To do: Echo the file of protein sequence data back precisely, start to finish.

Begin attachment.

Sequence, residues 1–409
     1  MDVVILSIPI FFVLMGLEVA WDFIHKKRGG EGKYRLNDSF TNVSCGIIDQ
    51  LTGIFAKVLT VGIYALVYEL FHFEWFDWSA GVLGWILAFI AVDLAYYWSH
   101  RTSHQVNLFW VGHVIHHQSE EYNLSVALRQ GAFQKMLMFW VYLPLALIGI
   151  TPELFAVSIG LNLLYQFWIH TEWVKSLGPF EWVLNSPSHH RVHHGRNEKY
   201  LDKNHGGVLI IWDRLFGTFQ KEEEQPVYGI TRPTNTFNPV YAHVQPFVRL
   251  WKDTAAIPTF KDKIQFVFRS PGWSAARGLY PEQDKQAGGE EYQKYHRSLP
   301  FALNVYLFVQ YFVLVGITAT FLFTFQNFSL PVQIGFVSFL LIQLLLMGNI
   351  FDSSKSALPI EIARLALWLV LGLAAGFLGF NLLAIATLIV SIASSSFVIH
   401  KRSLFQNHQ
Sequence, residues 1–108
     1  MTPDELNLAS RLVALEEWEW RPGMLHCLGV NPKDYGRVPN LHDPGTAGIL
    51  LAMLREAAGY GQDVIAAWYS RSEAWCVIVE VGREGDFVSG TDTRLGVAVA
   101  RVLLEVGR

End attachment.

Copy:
Sequence, residues 1–409
     1  MDVVILSIPI FFVLMGLEVA WDFIHKKRGG EGKYRLNDSF TNVSCGIIDQ
    51  LTGIFAKVLT VGIYALVYEL FHFEWFDWSA GVLGWILAFI AVDLAYYWSH
   101  RTSHQVNLFW VGHVIHHQSE EYNLSVALRQ GAFQKMLMFW VYLPLALIGI
   151  TPELFAVSIG LNLLYQFWIH TEWVKSLGPF EWVLNSPSHH RVHHGRNEKY
   201  LDKNHGGVLI IWDRLFGTFQ KEEEQPVYGI TRPTNTFNPV YAHVQPFVRL
   251  WKDTAAIPTF KDKIQFVFRS PGWSAARGLY PEQDKQAGGE EYQKYHRSLP
   301  FALNVYLFVQ YFVLVGITAT FLFTFQNFSL PVQIGFVSFL LIQLLLMGNI
   351  FDSSKSALPI EIARLALWLV LGLAAGFLGF NLLAIATLIV SIASSSFVIH
   401  KRSLFQNHQ
Sequence, residues 1–108
     1  MTPDELNLAS RLVALEEWEW RPGMLHCLGV NPKDYGRVPN LHDPGTAGIL
    51  LAMLREAAGY GQDVIAAWYS RSEAWCVIVE VGREGDFVSG TDTRLGVAVA
   101  RVLLEVGR